Primary design objectives for LCD backlights
are to couple the maximum amount of light into the specified viewing angle, to achieve
the desired falloff in brightness as a function of viewing angle, to deliver uniform
illumination over the entire display and, for full-color displays, to achieve uniform
color. The latter can be a challenge with LED-based systems because full color is
usually achieved by combining light from red, green and blue sources. Moreover,
because LCDs use polarized light, it is helpful if the design software adequately
models polarization effects.
LED backlights typically employ light
pipes to combine the output of multiple sources and to transform it into a uniform
line. The output from a light pipe is directed into the edge of a diffuser that
sits underneath the display and redirects light toward the user. However, the flux
in the diffuser decreases with distance from the input light pipe, so the diffuser
response must vary accordingly.
To accomplish this, a matrix of paint
spots with variable spacing is placed on the back of the diffuser. However, producing
this paint spot pattern presents some production difficulties and doesn’t
deliver optimum efficiency. A better solution would be to mold a series of bumps
directly into the diffuser. Until recently this approach was more difficult to model,
but advances in illumination design software should make it much more attractive
to manufacturers (Figure 1).
Figure 1. In large LCDs, light from a cold-cathode fluorescent lamp (CFL) is introduced into the edge of the display. An array of bumps in a diffuser placed behind the display evenly channels illumination toward the viewer’s eyes.
Another key application is in digital data projectors.
Over the past decade, these have steadily become smaller, brighter and less expensive,
while increasing in output resolution. Improvements in illumination system design
have been a key component in this evolution.
The main design goals in projector
illumination are to deliver high source-collection efficiency and high output uniformity
in a compact package. These goals necessitate a different approach from traditional
projection optics, such as overhead or movie projectors, which typically utilize
a condenser system that trades off collection efficiency against uniformity. To
achieve both, digital data projectors usually rely on a pair of lamps with either
a mixing rod or lenslet arrays.
A mixing rod is a long light pipe used
to homogenize source output. Relay optics transfer its output to a spatial light
modulator. Numerous mixing rod design forms have been investigated. The goal is
to achieve maximum uniformity in minimum length. In terms of software capabilities,
the ability to accurately model light pipe performance and investigate the effects
of real-world tolerancing considerations, such as misalignments, is critical to
meeting these goals. Today, the most commonly used solution is a rod with a rectangular
cross section that matches the shape of the modulator. Usually, a length-to-width
ratio of about 10:1 is required to achieve the necessary uniformity; shrinking this
length and reducing overall system cost are the present focus of most design efforts.
Lenslet arrays are rectangular arrangements
of small lenses. These can provide a package-size advantage over light pipes, although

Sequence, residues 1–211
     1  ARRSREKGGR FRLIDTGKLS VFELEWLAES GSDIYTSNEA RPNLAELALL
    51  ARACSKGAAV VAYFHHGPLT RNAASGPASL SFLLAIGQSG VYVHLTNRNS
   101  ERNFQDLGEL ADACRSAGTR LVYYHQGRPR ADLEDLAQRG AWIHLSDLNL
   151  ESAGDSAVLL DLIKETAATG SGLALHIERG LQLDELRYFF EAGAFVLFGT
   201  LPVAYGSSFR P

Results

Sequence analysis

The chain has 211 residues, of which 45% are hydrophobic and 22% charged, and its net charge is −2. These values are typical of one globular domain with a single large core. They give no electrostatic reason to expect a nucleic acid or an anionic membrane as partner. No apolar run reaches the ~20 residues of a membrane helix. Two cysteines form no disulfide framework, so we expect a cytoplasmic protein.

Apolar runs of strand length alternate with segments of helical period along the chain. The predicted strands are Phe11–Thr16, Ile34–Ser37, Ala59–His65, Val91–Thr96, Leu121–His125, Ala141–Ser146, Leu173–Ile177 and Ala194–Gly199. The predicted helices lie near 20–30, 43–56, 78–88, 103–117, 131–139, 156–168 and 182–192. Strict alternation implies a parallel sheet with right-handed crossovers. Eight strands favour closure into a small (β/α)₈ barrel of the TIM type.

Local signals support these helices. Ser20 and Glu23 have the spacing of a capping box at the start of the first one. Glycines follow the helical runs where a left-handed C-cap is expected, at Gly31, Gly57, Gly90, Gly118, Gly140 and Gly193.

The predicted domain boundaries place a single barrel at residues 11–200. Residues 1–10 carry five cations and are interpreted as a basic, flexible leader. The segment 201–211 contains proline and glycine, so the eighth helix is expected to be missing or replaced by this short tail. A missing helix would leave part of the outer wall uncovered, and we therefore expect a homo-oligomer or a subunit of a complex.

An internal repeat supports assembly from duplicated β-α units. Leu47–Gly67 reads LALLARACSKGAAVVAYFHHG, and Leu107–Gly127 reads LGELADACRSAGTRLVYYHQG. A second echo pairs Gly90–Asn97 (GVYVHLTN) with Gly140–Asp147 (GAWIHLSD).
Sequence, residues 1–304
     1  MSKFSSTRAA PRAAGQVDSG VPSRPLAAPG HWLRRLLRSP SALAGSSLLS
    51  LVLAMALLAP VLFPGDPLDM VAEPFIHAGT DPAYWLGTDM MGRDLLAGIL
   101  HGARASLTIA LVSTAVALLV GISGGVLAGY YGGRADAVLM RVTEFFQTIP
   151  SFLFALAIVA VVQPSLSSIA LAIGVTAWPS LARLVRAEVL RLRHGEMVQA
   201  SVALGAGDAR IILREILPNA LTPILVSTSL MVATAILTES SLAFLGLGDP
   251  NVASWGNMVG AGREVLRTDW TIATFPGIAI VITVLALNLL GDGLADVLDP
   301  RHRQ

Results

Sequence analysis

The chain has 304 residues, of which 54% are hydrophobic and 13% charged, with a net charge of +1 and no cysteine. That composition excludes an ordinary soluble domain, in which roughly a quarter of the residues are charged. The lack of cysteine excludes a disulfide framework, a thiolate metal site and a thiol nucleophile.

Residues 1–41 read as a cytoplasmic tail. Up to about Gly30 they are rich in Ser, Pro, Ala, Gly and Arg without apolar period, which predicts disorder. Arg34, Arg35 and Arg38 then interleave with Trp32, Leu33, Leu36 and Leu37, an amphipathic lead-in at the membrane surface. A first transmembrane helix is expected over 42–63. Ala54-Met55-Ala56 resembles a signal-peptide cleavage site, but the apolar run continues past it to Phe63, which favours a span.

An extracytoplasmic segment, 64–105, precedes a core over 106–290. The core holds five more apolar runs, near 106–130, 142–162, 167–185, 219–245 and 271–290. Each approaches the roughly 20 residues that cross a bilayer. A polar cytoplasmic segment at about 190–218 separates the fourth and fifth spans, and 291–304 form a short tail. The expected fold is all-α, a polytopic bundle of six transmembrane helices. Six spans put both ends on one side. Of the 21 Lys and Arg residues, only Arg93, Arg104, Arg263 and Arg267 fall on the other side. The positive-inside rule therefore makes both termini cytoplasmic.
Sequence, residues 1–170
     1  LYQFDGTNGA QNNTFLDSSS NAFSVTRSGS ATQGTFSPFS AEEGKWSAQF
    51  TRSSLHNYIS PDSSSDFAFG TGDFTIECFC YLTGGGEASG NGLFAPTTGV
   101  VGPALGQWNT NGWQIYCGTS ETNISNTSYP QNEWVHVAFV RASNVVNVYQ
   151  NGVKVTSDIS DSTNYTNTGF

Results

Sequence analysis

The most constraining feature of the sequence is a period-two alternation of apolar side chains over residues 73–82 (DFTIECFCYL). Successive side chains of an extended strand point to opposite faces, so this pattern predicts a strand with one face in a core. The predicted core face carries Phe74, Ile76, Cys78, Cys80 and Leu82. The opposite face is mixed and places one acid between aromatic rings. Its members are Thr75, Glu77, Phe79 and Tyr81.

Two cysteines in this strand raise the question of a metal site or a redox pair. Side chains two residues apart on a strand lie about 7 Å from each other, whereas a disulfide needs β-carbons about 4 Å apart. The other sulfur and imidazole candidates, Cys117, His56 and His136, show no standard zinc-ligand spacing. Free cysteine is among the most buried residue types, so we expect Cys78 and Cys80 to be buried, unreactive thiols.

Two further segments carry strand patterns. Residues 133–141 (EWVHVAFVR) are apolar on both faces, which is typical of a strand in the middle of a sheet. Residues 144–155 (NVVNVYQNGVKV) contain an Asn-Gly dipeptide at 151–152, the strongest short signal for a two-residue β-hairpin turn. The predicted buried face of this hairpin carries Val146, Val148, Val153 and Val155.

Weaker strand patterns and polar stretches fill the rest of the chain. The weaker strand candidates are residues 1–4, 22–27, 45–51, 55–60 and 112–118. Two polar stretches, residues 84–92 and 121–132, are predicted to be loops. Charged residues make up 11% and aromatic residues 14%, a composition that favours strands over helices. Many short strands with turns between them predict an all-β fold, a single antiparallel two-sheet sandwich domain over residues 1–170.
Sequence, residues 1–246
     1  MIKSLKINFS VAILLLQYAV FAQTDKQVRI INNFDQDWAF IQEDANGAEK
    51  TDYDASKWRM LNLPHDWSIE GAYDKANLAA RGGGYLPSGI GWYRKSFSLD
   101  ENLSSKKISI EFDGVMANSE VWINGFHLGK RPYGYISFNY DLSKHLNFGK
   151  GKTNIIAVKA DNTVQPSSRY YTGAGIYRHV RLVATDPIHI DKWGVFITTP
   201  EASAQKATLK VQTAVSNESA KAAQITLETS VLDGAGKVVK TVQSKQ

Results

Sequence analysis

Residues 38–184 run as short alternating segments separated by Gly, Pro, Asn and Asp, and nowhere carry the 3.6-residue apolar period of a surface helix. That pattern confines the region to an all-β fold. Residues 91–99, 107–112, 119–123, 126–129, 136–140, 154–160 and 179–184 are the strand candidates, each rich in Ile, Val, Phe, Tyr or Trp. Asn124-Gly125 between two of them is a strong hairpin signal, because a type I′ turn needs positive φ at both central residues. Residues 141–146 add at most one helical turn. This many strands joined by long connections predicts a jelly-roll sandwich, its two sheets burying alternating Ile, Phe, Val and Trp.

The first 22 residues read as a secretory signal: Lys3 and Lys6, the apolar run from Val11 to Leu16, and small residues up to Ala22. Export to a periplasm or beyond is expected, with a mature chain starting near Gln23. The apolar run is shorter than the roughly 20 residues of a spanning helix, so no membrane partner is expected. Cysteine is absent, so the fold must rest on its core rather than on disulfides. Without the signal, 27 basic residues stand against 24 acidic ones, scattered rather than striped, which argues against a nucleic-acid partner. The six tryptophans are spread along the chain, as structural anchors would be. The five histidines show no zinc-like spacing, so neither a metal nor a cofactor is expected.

they generally have a higher initial tooling cost (Figure 2).
Figure 2. Pairs of lenslet arrays can be used to homogenize the source output in digital
data projectors. This approach results in a compact package.
Some projector designs utilize polarized
light and dichroic filters. Software must therefore be able to model these components
and must include effects such as the angular dependency of dichroic coatings.
In the automotive world, backlit controls,
gauges and displays are the prevailing standard. A major consideration is the total
cost of the sources because a typical car interior has 50 or more light sources.
Anything that can reduce this count has a tremendous cost impact for the manufacturer.
A typical automotive illumination system
feeds an incandescent or LED source into several light pipes. For example, a single
source might light an entire row of buttons on a sound system or a climate control
center (Figure 3). Sometimes the controls or indicators being lighted may have variable
position; e.g., speedometer needles or volume control knobs. Here, total internal
reflection, rather than paint spots or bumps, redirects the light.
Figure 3. In these front and back views of automotive radio knobs, a single source evenly
illuminates several graphics.
Because of the tremendous diversity
of shapes and layouts encountered, there is no single design form for these tasks,
complicating the designer’s job. Furthermore, there may be significant manufacturing
variations in the parts, such as surface smoothness in light pipes. Consequently,
it is still necessary to construct prototypes, and a major goal of the design process
is to minimize the number required.
All of this makes the design of automotive
illumination systems a very interactive process. After creating an initial form,
the designer must be able to rapidly alter and view the results to investigate various
scenarios. It is also critical to model surrounding mechanical mounts in this process
because they constrain light pipe geometry and can alter the system output.
In summary, illumination design is
now performed with software tools specifically developed for this task. These tools
must provide high-quality visualization, interactive ray tracing to enable real-time
design decisions and connectivity with other tools such as CAD programs. They must
also help to shorten the overall design cycle. This software has already played
a key role in the development of a number of consumer products. As illumination
design software becomes even more powerful and easier to use, it should deliver
more cost-effective solutions and find greater applicability.
Meet the author
Bruce Irving is manager of international distribution for Optical Research Associates in?Westborough, Mass.
- ray tracing
- The mathematical calculation of the path traveled by a ray through an optical component or system.
- The bending of oblique incident rays as they pass from a medium having one refractive index into a medium with a different refractive index.